“We measure a number of phenomena that are directly related to atmospheric models,” says Springston. “We’re trying to get a fundamental, process-level understanding of what goes into the atmosphere.”
That’s a spot-on iteration of ASR’s broad mission, with aerosols as a stand-in for all the atmospheric processes that need more study at a process level.
ARM-ASR Aerosol Partnership
The ARM-ASR partnership in aerosol measurements was outlined in June 2019 by Springston and others at a joint meeting of principal investigators in Maryland. They touched on a long list of issues, including the need to ensure relevant suites of instruments, to review aerosol-related proposals for ASR funding, and to implement a strategic plan for aerosol measurements broadly.
Taking aerosol measurements is an immensely complex task, says Springston, and modeling aerosols is even harder.
For one, every drop in a cloud has an aerosol particle at its center. Those particles have multiple origins, grow and age through different phases, and differ in brightness, mass, weight, shape, fall rate, and lifespans. In the end, each particle is as different as snowflakes are.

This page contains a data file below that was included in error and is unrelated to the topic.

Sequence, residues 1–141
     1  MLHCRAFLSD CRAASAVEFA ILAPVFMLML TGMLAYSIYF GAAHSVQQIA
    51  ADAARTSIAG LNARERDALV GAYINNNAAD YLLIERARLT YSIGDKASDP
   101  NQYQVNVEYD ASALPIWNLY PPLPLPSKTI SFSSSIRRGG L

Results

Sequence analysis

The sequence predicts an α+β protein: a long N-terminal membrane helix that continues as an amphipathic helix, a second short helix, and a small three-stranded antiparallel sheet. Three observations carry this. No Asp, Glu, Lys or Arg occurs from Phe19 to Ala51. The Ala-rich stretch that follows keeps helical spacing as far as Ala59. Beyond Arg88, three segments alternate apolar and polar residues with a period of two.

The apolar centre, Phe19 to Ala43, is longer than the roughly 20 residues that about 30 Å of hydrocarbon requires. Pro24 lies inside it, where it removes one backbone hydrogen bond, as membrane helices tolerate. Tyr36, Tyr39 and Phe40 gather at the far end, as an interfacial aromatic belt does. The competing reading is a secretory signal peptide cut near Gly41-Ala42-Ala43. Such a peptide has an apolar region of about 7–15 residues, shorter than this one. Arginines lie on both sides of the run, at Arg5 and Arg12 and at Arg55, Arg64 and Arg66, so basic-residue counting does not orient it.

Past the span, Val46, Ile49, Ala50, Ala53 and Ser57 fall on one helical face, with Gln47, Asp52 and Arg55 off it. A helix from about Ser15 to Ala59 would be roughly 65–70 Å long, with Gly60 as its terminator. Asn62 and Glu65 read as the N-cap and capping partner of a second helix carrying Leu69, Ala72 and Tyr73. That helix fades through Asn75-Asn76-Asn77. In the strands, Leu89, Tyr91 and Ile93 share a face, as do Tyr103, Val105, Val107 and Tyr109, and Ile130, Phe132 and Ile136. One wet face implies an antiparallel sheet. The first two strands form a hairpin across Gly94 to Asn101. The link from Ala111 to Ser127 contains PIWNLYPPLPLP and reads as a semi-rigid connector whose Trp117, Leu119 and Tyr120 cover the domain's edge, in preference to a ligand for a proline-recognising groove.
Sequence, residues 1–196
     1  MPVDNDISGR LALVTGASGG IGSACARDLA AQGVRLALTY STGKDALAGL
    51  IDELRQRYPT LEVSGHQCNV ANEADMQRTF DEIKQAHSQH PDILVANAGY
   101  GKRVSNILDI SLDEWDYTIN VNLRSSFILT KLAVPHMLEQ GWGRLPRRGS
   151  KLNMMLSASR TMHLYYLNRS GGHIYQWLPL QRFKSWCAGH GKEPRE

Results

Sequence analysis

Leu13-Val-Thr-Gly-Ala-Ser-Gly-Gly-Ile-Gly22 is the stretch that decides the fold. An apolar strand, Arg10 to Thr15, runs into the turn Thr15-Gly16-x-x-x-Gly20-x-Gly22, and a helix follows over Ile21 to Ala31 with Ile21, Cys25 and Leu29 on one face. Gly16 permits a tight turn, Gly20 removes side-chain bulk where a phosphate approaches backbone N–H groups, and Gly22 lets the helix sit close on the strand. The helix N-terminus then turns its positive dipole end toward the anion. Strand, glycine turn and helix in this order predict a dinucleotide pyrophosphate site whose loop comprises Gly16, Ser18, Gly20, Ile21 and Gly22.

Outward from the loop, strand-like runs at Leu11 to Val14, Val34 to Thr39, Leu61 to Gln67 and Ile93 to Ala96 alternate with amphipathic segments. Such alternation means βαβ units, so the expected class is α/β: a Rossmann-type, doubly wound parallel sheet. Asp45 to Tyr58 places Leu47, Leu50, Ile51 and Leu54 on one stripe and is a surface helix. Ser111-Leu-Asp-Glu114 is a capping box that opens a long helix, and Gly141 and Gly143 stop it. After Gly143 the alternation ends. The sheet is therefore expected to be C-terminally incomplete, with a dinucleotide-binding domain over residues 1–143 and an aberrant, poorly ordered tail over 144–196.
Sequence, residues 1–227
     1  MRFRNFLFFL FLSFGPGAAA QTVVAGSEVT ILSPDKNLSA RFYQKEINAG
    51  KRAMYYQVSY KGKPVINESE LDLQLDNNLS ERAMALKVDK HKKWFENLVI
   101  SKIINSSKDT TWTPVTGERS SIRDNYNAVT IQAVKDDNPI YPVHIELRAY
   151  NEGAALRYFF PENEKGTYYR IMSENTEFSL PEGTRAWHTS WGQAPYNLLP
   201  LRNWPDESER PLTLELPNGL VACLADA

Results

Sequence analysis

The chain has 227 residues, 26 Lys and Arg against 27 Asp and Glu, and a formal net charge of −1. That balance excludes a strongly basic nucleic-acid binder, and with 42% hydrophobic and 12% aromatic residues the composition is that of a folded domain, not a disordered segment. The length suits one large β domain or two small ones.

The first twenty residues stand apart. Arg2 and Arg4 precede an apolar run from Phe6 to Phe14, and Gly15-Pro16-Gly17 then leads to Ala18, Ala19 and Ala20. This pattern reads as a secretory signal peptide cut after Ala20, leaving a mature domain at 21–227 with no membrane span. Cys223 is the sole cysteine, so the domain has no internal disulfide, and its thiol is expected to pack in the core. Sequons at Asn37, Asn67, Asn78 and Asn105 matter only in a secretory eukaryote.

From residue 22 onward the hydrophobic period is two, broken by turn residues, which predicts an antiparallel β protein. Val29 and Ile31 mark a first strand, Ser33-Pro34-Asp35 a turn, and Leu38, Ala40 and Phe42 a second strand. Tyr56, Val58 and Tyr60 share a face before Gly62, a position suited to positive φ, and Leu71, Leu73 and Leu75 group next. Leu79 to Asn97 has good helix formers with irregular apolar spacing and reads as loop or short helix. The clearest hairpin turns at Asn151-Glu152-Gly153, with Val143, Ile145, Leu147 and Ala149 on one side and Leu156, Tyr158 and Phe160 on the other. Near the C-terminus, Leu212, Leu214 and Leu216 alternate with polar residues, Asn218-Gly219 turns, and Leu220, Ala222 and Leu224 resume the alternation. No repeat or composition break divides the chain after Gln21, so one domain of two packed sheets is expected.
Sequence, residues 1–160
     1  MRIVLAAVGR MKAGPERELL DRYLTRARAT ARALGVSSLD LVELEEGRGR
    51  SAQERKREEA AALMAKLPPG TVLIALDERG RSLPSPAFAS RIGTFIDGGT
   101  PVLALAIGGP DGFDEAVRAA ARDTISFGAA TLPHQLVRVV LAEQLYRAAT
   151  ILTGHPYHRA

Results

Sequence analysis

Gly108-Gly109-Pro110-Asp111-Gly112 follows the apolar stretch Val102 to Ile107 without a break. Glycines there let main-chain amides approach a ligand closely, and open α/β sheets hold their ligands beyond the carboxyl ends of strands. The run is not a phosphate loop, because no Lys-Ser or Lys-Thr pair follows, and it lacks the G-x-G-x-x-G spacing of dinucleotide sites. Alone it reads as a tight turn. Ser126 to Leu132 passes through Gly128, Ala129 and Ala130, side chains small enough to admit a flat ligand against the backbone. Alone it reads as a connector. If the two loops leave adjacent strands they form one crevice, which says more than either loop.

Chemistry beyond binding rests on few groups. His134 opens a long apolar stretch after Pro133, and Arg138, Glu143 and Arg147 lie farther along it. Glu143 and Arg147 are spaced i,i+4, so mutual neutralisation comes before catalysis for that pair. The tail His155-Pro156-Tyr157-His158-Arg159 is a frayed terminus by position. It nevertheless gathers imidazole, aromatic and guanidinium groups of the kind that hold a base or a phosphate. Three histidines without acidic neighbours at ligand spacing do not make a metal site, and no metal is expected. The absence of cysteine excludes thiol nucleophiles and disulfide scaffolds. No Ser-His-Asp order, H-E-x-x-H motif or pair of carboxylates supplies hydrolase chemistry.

“The computers can’t handle that,” says Springston. “We understand these particles and their processes empirically. But being able to model them on a global scale is so challenging.”
Matters of Scale
In person, Springston imparts a few impressions. Rangy. Tall. Glasses. Shiny dome. (“I had hair once,” he points out.) Loves fieldwork―exciting because of the data, he says, and for the chance to be a science ambassador, sometimes abroad.